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Pineal Gland and Cancer—An Epigenetic Approach to the Control of Malignancy: Evaluation of the Role of Melatonin

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The secretion of the pineal hormone melatonin is under control of the hypothalamic suprachiasmatic nuclei, the seat of the central circadian clock, and conveys information concerning time of day as well as season to practically all parts of the body. This means that melatonin is an integral part of the circadian time-keeping system. According to the summarized findings a link exists between the pineal gland and cancer, a mutual and dynamic interaction between the secretion of melatonin and malignant growth. A fresh tumor is “sensed” by the pineal gland via neuroimmunoendocrine changes leading to a stimulation of melatonin secretion which in turn activates endogenous defence processes. At this stage of cancer development melatonin can exert a direct tumor-inhibitory activity. If the tumor increases in size the circulating levels of melatonin are depleted in many types of cancer being accompanied by progressing circadian neuroendocrine as well as vegetative disturbances. Such weakening of the temporal structure of the sub-systems of the host can be viewed as a preparatory step for a successful seeding of metastases. Evidence exists that melatonin is trapped by cancerous tissue which may even possess the feature of ectopic melatonin production from its precursor amino acid tryptophan which in turn limits pineal melatonin production further in the presence of big cancerous masses. Although melatonin does not directly inhibit advanced tumors its substitutional administration appears to be beneficial by overcoming sleep disturbances as well as by fostering the endorphin system leading to a better quality of life. These favourable effects on the central nervous system seem to facilitate a mobilization of endogenous defence mechanisms against the malignant process improving survival. This means that melatonin via indirect systemic mechanisms is able to favourably affect even advanced forms of malignancy. These facts can be viewed as evidence for an involvement of the pineal gland in temporal epigenetic control processes of cancer. On the basis of the present findings it appears to be justified to advocate the development of new strategies for the treatment of solid tumors in which melatonin is combined with conventional therapies. In case of leukemias, however, melatonin should be avoided since it may, due to its stimulatory effects on the haematopoietic system, aggravate this disease. The dynamic changes of circulating melatonin occurring during different phases of malignant disease could be used for diagnostic purposes if intra-individual changes are specifically considered. Evidence exists that other low-molecular weight pineal substances may also play a role possessing a tumor-inhibitory activity even on undifferentiated tumor cells which are refractory to melatonin. Since there are indications that these new pineal substances may be regulated by melatonin the central role of the main pineal hormone in the link between the pineal gland and cancer is thus emphasized.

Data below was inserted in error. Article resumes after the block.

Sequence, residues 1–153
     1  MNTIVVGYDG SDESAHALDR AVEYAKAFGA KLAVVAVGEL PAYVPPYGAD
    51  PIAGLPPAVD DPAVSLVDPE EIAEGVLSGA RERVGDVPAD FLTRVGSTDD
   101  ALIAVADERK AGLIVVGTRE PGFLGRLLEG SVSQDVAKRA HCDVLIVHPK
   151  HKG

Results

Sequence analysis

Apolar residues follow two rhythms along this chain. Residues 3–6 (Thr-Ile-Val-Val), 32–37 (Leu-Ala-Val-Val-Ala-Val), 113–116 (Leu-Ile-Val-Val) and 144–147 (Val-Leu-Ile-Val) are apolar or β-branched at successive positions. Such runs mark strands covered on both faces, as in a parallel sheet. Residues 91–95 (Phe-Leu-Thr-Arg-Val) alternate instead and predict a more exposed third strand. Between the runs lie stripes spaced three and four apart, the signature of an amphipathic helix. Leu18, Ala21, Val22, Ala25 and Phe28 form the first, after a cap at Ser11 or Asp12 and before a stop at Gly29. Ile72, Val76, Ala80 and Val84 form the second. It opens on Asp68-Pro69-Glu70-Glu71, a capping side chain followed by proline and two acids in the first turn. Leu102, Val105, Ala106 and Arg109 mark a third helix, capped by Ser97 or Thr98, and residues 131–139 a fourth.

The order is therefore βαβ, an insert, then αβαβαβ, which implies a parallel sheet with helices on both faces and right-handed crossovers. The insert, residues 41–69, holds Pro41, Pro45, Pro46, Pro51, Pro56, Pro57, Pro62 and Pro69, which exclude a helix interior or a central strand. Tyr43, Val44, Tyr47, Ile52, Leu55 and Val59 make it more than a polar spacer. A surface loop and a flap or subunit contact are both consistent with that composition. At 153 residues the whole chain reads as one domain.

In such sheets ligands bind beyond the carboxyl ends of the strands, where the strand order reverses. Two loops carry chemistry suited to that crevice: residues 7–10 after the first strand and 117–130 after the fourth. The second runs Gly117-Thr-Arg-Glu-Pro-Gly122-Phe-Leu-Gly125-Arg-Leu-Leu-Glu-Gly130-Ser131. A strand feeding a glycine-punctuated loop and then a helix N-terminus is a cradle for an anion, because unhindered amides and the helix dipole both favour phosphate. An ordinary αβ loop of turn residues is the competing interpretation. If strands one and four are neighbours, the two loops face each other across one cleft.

At a time when hopes are starting to fade again that a purely genetic approach in oncology will decisively and effectively control cancer alternative strategies based upon epigenetic mechanisms are being rediscovered.1,2 One of them is considering a link between the pineal gland3 , an unpaired diencephalic organ, and malignancy.4 Since the corpus pineale as it is also called is involved in the central control of temporal neuroimmunoendocrine processes5-7 this approach thus assumes a link between integrative neural processes and disintegrative tendencies manifesting in cancer.

During the first part of the twentieth century Engel and Bergmann8,9 as well as Hofstätter10 performed pioneering experimental and clinical studies in Vienna dealing with the antineoplastic activity of bovine pineal glands. After the discovery of melatonin by Lerner11 in 1958 these findings became almost forgotten. Vera Lapin working at the Vienna Cancer Research Center in the 1970s rediscovered them, reviewed the topic of pineal gland and cancer,12 and performed important experimental studies.13 A central finding was that surgical removal of the pineal gland (pinealectomy) stimulated both primary tumor growth and formation of metastases thus leading to reduced survival.14,15 This was in accordance to observations of other investigators16 including Bindoni17 who observed that pinealectomy even stimulates cell-division of normal tissues. The question arose how this general anti-proliferative effect of the pineal gland could be explained and whether it is mainly due to the pineal hormone melatonin or not. In order to find answers to this central question the current knowledge regarding the action of melatonin on experimental and on clinical cancers will be summarized in the following.

Effect of Melatonin on Tumor Growth

The Action of Melatonin on Experimental in-Vivo Tumors

When surveying the available literature regarding the action of melatonin on experimental tumor growth in animals18 indications were found that the pineal hormone can exert divergent effects even within the same cancer model system. Based upon the fundamental findings of Reiter et al19 as well was Tamarkin et al20 with respect to the anti-reproductive effect of melatonin in rodents which can only be observed in case of late afternoon/evening injections to superimpose the secretory surge of endogenous melatonin (after the onset of darkness) it was tempting to assume that the same may also apply to the inhibitory action of melatonin on tumor growth. Using transplantable tumors in mice (the so-called Ehrlich tumor as well as a transplantable fibrosarcoma) as test systems it was demonstrated that late afternoon injections, preferably under long photoperiods (i.e., a light regimen of more than 12.5 hours per 24 hours lighting cycle), were able to inhibit whereas the same dose of melatonin given in the morning accelerated tumor growth or shortened survival.18 These findings thus demonstrated a circadian stage-dependent anti-tumor effect of melatonin which was subsequently confirmed by investigations of Wrba et al.21 On the basis of these results it became conventional that melatonin was administered in most subsequent experimental and clinical studies in the late afternoon or in the evening to achieve optimal tumor-inhibitory effects.